The state certainly does have a key role in the management of big infrastructural projects such as the railways. But the current system where neither the state nor private enterprise take full control is the worst of all worlds. It is possible for the capitalist state to run big infrastructural projects successfully, as anybody who has travelled on French high speed trains or driven on their motorways knows. In Britain this ability appears to have been lost.

As it stands the system we currently have allows neither the market nor the state to operate effectively. The deal with National Express allowed them to walk away just as they should have been bringing their management skills to bear in keeping the railways going through a recession. Even with the 80% subsidy against loss, rather than tackle the difficulty choices, of how to cut costs, improve service and productivity, they simply gave up.





Why the behavioural economists are wrong, a review of ‘Animal Spirits’ (Part Two)

1 07 2009
  
Animal Spirits: How Human Psychology Drives The Economy, And Why It Matters For Global Capitalism, by George Akerlof & Rober Shiller

Animal Spirits: How Human Psychology Drives The Economy, And Why It Matters For Global Capitalism, by George Akerlof & Robert Shiller

BOOK REVIEW (Part Two)
Animal Spirits: How human psychology drives the economy and why it matters for global capitalism, by George Akerlof and Robert Shiller (published by Princeton University Press)

“Animal spirits…is an economic term, referring to a restless and inconsistent element in the economy. It refers to our peculiar relationship with ambiguity or uncertainty. Sometimes we are paralyzed by it. Yet at other times it refreshes and energises us, overcoming our fears and indecisions.” [1]

The first part of this review contested  Shiller and Akerlof’s claims that the recession is caused by the irrational behaviour of individuals. There is however much more in their book to challenge.

I once talked to a behavioural psychologist whose job was to improve the behaviour of children in the classroom. The first thing he told me was that to do his job properly he had to completely ignore the, often tragic, social backgrounds of the disturbed children. Instead, he focussed entirely on strategies for changing their behaviour by psychological tricks which were akin to those used to train dogs. I was reminded of this when reading Shiller and Akerlof’s approach to some major economic and social issues. They too ignore the historical and social factors which have led to many of the phenomena they discuss and instead present them as merely behavioural oddities.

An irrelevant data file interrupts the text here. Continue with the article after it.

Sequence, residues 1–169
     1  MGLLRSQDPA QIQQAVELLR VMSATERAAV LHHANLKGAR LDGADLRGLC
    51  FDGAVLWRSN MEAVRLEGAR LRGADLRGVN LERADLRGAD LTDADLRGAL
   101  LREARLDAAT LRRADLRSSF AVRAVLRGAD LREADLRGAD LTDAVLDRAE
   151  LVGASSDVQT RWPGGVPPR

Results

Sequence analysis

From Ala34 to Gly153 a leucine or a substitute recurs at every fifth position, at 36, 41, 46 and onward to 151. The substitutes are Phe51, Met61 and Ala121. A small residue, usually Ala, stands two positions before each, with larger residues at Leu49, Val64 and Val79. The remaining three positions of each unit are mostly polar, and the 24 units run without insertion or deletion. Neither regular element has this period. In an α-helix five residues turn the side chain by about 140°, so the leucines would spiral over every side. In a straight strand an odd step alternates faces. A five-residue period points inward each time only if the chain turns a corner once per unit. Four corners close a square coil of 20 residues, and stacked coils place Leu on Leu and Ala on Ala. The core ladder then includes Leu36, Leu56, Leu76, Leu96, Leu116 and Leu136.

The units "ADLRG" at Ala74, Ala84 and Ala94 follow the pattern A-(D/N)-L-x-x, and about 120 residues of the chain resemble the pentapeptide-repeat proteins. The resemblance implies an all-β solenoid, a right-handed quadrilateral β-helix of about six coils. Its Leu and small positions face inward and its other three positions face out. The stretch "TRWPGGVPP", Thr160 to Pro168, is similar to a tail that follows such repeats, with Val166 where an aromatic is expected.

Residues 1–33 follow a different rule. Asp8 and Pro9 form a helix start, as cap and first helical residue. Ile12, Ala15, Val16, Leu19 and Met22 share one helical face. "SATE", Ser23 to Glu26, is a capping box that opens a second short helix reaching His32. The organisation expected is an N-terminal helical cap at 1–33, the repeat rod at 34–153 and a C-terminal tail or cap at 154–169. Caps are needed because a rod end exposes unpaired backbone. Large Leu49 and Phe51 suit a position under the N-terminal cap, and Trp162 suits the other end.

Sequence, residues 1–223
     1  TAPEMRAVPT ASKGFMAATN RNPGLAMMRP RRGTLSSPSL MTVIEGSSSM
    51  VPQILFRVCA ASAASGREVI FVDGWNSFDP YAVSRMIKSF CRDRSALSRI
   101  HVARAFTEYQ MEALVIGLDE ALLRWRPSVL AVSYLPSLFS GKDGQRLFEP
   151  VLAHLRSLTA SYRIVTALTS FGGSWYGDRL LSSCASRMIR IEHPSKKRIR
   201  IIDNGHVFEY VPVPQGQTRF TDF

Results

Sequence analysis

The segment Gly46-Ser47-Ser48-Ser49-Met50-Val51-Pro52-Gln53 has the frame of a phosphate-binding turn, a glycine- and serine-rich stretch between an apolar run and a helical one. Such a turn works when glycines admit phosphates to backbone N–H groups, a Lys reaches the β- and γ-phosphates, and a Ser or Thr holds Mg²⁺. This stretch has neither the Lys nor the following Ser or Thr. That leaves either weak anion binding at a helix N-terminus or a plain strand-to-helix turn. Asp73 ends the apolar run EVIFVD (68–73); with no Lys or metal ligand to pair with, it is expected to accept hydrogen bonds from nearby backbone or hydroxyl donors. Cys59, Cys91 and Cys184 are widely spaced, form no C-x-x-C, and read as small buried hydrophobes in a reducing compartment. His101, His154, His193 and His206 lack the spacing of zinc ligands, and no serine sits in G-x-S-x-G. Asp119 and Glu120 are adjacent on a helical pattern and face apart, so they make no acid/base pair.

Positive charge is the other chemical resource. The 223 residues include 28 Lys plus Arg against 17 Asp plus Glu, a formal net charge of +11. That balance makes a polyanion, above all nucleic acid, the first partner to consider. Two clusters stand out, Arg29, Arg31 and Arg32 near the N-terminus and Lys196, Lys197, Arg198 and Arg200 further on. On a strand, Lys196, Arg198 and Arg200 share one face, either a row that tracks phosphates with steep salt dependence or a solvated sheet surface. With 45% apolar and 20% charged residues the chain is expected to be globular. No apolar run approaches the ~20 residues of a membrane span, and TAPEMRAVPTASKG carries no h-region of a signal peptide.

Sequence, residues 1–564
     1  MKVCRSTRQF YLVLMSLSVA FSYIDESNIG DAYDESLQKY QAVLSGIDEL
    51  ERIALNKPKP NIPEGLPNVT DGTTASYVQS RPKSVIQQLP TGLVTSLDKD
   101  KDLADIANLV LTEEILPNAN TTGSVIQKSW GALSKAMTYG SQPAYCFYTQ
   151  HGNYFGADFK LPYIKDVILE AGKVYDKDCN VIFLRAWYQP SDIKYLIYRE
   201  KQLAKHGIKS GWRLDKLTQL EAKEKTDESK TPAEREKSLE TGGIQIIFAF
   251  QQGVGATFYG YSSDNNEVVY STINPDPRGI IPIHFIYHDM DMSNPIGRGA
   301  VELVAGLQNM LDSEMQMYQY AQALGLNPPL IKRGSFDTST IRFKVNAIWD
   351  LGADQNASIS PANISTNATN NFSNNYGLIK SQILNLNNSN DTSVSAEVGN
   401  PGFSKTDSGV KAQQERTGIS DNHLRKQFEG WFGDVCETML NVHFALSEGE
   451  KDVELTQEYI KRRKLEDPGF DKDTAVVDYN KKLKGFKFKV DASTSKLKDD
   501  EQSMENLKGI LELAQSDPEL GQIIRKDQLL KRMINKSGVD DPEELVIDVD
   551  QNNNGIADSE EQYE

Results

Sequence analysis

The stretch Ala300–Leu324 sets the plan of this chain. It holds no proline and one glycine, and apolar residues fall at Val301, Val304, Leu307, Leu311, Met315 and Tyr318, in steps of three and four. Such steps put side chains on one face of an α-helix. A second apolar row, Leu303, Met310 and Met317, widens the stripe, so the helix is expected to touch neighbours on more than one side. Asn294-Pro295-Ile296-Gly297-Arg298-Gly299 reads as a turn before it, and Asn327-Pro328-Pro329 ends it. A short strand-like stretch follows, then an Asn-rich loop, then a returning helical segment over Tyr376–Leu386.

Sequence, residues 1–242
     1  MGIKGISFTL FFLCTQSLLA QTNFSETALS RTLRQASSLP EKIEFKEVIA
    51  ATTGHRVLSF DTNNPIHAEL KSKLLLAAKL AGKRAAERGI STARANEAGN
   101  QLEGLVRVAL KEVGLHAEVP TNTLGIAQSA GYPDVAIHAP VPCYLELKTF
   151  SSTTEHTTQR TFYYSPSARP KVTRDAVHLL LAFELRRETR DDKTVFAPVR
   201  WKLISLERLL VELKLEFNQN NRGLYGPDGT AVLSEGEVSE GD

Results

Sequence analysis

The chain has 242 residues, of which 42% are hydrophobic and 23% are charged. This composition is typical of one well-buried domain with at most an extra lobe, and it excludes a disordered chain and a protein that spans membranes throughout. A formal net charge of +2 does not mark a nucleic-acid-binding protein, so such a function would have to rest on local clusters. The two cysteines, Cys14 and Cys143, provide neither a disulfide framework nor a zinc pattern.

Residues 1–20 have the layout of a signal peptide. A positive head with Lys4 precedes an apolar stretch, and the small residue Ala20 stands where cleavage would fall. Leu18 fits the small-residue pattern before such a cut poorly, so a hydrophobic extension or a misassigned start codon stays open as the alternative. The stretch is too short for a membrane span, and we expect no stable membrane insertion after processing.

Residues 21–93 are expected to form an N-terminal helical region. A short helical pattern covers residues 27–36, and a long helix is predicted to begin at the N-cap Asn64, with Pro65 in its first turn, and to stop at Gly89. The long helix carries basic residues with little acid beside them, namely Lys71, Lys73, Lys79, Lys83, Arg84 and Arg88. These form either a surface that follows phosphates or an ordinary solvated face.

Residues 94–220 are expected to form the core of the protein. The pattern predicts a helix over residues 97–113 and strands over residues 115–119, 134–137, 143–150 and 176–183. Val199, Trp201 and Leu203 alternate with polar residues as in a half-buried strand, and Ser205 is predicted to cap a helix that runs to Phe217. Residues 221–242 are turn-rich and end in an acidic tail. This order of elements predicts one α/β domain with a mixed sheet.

Their view is that human economic behaviour is determined by a combination of five things: confidence, fairness, corruption, money illusion, and storytelling.

These are all relatively straightforward concepts, except perhaps for money illusion. Money illusion is a term used to explain why people will oppose wage cuts, even if the prices of what they buy are falling in deflationary times, more than they will fight for wage rises at a time of inflation when everything is getting more expensive.

Why do workers resist wage cuts and not fight as strongly for indexed linked rises?  Rather than a psychological reason, is it not more likely that workers understand that once they have conceded the need to accept pay cuts that they will have handed power to their bosses to do so again, to keep coming to the well? Is it not also likely that compared with this, the need to combat inflation, a future event which like all future events is uncertain, will seem less of a vital issue? The authors approach to this is typical of many of the points they make. They persistently choose to interpret attitudes arising from social and historical experience as hard wired psychology. Often this leads to observations which are so stunningly banal that you are left wondering whether these authors simply need to get out more. Take the following examples:

‘people rarely quit their jobs in recessions’[2]

‘people tend to want to work in higher paid industries’[3]

‘students…really don’t seem to care how much they save’ [4]

Their emphasis on the importance of storytelling also takes them away from understanding what is perfectly clear and rational behaviour based upon experience. They claim that the high savings rate in China and other new economies is down to the ‘story’ that ‘there is no shame in being poor in China, since this is viewed as a transitional state’[5], therefore people do not consume. However as many people have pointed out, in a country with often rudimentary social and medical insurance[6], savings are an essential to fall back on when times get tough.

The answer to most of the problems the authors riase is state action of one kind or another. For example, a discussion on racial discrimination in the US describes the situation of black Americans thus,

‘there is the notion among both blacks and whites that there are two groups, we and they. This very notion is part of daily reality. This notion – as much as low financial assets and skill levels – is responsible for the continued poverty of African Americans.’[7]

The experience of racism in the US is reduced to a ‘story’ which reinforces social stereotyping. The authors do not recognise that racism, where it exists, needs to be combatted through political means. Their suggestion instead is positive discrimination, action by the state.

Of course, there are many aspects of human behaviour which appear to be irrational. We can usually see them more clearly when we look at other people’s cultures rather than our own; and there’s the clue. Generally speaking these types of behaviour are the product of a specific cultural and social experience. Sometimes it is also true that we take our lead from what other people do, as in buying houses or shares in a rising market. But this is a perfectly rational thing to do in the absence of information as to why this is a bad idea.  Very few people can call the top or the bottom of any market, and those that do are often just lucky. In the mean time we all try to take as much advantage of it as we can.

The rise of behavioural economics is a symptom of the paucity of proper historical, political and economic analysis of society. In that sense it is just as much part of the voodoo culture of the day as the types of behaviour it disparages.

 

[1] Animal Spirits p4

[2] Ibid p103

[3] Ibid p103

[4] Ibid p116

[5] Ibid p128